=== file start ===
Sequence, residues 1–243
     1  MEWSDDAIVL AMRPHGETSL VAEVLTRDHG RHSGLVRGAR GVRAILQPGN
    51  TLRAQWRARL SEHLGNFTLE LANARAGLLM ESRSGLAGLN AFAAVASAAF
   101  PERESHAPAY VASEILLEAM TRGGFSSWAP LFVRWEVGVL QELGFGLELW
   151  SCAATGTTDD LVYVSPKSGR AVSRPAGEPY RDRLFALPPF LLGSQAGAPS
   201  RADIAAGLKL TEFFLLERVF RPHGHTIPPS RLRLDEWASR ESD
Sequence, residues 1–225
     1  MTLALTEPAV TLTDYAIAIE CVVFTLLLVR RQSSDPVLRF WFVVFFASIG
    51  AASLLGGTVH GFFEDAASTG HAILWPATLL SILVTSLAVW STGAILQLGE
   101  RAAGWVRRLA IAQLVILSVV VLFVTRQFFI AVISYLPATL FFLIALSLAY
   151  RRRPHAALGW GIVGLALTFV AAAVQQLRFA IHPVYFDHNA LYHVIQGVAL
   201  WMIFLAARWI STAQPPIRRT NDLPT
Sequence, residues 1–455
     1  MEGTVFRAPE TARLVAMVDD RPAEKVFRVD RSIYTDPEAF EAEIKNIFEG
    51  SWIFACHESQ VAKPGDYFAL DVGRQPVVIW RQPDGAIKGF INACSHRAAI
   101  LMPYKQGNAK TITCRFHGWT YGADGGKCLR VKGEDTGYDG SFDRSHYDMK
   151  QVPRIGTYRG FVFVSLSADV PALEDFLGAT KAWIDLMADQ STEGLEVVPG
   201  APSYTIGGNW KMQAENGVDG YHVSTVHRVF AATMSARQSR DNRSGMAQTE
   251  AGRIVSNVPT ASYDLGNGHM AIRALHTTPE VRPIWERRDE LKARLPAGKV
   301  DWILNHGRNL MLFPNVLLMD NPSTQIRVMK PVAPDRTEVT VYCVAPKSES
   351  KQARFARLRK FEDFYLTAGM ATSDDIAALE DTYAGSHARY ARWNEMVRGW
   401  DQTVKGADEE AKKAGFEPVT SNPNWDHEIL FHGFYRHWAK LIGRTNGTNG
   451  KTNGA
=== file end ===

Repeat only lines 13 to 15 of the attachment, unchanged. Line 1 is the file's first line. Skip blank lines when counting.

Sequence, residues 1–455
     1  MEGTVFRAPE TARLVAMVDD RPAEKVFRVD RSIYTDPEAF EAEIKNIFEG
    51  SWIFACHESQ VAKPGDYFAL DVGRQPVVIW RQPDGAIKGF INACSHRAAI